Meet them here now, and then live at the Firefox Summit next week.
We’ve also benefited from the contributions of four rock star summer marketing interns, who’ve been working on market research, metrics, events and affiliate programs: Juliana Chea, Natnaree Chummanon, Blake Cutler, and Ulili Onovakpuri.
Welcome aboard the Mozilla project to each one of you! It’s terrific to have you here.
It’s been an awesome morning and afternoon here at Mozilla headquarters. We launched Firefox 3 this morning and immediately felt the love from millions of people all over the world joining us to set a Guinness World Record for most software downloaded in 24 hours.
Our systems were quite busy earlier this morning so individual requests may not have gotten through – but they are all up now and serving a tremendous amount of traffic and downloads. We’re currently serving almost 9,000 downloads a minute, which puts us on track to achieve 5-7 million downloads our first day of general availability.
To put some more color behind what’s been happening on this historic day:
Onwards to a new World Record, together!
Last week, I wrote a branding analysis for Businessworld, India’s top general business magazine. Meera Seth, who edits an ongoing series of case studies for Businessworld, got in touch and asked me to give a technology industry perspective on a case about extending a successful consumer brand into an adjacent category.
Here’s an excerpt from the case, which features Firefox as a jumping off point for thinking about names and branding (The full case is online too, if you’re interested):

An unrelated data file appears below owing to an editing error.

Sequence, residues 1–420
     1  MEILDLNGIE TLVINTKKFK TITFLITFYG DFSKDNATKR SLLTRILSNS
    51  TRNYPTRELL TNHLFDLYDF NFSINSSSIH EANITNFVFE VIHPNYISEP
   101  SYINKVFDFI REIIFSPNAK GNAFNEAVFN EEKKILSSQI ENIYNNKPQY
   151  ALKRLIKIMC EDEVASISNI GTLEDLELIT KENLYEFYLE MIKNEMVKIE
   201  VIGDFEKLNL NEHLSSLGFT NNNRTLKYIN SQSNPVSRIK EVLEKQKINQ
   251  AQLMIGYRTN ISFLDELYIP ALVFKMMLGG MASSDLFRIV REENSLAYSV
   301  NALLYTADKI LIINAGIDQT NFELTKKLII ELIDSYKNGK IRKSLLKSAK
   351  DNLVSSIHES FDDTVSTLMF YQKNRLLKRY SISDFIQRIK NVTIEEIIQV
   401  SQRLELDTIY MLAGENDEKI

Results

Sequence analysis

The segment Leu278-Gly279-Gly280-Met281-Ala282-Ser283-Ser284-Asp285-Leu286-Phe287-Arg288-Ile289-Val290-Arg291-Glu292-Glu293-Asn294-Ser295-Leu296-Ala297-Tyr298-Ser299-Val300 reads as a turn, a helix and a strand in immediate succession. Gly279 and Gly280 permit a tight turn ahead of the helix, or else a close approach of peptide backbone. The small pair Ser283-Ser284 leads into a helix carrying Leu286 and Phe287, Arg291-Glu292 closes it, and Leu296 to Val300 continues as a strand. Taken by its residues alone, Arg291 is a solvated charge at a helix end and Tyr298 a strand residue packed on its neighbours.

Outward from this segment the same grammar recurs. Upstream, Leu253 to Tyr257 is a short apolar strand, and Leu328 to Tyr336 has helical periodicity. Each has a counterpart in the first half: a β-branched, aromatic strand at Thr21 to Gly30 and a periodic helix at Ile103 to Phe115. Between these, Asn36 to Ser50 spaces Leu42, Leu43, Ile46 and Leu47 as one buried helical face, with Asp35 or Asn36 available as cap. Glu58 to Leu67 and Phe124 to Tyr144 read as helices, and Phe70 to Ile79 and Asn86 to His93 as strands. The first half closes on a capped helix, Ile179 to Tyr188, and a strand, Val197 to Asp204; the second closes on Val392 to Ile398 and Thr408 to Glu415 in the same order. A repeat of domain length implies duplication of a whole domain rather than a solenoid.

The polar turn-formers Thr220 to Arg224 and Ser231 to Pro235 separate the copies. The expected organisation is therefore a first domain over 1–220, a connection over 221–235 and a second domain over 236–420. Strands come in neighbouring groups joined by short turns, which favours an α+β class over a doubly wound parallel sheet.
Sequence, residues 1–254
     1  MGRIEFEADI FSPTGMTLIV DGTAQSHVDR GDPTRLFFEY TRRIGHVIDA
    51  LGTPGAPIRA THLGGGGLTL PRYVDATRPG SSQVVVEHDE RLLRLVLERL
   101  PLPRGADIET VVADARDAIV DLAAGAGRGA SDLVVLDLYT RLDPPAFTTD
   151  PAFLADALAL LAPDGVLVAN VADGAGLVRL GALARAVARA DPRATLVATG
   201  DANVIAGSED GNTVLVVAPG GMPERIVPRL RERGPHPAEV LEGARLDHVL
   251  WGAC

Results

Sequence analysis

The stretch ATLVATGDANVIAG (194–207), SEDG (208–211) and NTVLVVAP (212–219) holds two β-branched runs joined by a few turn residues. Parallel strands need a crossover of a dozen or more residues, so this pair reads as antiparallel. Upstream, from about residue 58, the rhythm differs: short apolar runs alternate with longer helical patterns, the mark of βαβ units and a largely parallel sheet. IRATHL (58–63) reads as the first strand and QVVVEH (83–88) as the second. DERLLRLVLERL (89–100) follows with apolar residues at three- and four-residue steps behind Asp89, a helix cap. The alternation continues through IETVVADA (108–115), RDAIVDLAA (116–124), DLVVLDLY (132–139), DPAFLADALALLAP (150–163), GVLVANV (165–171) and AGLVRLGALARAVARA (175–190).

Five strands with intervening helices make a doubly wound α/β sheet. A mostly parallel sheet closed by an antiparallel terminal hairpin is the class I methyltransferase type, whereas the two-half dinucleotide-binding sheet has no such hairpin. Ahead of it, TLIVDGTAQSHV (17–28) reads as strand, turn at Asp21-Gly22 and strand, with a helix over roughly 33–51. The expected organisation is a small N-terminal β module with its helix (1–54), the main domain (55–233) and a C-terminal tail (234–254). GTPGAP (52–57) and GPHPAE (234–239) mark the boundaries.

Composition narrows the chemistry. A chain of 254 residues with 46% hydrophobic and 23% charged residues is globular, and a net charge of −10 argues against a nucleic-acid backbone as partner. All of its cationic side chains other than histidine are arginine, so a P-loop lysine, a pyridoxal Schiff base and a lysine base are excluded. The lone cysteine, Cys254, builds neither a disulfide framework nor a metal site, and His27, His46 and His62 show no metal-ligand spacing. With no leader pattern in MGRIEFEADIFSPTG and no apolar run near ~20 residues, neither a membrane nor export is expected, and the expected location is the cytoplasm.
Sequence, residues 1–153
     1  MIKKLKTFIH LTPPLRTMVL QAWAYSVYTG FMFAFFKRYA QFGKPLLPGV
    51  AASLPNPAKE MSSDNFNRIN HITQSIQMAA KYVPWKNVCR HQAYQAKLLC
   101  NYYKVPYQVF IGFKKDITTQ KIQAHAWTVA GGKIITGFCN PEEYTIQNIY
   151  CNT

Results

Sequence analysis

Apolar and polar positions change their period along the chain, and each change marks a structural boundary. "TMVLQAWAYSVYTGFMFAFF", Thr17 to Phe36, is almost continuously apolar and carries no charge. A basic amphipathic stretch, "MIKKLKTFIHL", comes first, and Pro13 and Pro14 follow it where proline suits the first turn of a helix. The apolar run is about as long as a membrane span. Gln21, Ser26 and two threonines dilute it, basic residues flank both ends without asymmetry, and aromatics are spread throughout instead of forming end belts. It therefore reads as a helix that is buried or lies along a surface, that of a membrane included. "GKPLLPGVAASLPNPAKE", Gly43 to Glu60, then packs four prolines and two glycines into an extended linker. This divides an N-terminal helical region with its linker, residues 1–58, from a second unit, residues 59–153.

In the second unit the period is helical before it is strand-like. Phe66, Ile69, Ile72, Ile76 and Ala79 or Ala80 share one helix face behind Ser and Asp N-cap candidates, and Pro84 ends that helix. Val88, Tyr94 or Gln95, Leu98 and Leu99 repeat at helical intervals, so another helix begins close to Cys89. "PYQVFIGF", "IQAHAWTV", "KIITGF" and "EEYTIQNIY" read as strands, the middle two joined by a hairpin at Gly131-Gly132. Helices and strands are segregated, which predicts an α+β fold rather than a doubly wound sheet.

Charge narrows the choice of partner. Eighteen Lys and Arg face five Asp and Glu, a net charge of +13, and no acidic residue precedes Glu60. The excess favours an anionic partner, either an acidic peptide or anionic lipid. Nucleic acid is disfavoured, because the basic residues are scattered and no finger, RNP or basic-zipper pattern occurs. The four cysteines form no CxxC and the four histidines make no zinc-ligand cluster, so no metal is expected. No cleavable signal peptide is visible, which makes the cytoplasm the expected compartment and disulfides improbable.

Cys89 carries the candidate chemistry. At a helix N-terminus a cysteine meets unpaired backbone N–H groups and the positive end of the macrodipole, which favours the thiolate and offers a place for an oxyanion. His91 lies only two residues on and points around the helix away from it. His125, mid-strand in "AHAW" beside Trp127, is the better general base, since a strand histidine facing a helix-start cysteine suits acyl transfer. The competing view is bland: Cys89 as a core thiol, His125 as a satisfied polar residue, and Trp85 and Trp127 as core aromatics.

Karan Kashyap’s mind was buzzing with the debates over naming the new shampoo at G&TW India where he was the product manager. The marketing manager Sudhir Dhuni had mooted the idea that they launch a shampoo under the deo[dorant]’s brand name, Mali.
Karan sat half-lying on his chair, listening to the music streaming out of his computer. And then his eyes slowly took in what he had been unwittingly staring at, the flaming orange icon of his browser, startling him unusually. Firefox, said his mind; Mozilla, came the echo. Mozilla Firefox, muttered Karan. Why on earth is it called Firefox? For a web browser? What kind of name is that for a product? How do consumers relate to it? And why Mozilla Firefox? Why two names, or is that one name?
And here’s an excerpt from my response (Read the full analysis at Businessworld.in):
Traditional brand building strategies have been disrupted. Industrial era techniques — repetition, saturation and need generation — rely on two aspects of the media landscape that no longer hold sway: concentration of attention; and one-way message push. Pre-internet media relied on scarcity and control over content and channels of communication to aggregate consumer audiences. We were passive recipients of a set of mass market messages. The rise of the internet has introduced choice and nearly unlimited personalisation into the mix of how a consumer chooses to allocate the attention he or she has to give to media. Add contribution of nascent consumer expectations to have an ongoing dialogue with their peers and the world, and what you have is a changed landscape for brands.
It was great to do this, as it helped me get down in writing concepts around attention and brand co-creation that have heavily influenced the marketing we’ve done at Mozilla this past few years. I’m grateful to Meera for the opportunity to share my perspective with Businessworld’s readers in India and beyond.
P.S. Working with a great editor absolves the late night writer of many sins – thanks again Meera!